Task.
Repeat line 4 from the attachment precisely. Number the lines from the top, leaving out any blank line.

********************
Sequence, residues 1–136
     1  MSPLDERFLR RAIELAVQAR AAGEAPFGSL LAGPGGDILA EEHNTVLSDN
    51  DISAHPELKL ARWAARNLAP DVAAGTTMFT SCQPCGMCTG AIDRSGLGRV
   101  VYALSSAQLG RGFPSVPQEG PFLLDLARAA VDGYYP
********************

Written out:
   101  VYALSSAQLG RGFPSVPQEG PFLLDLARAA VDGYYP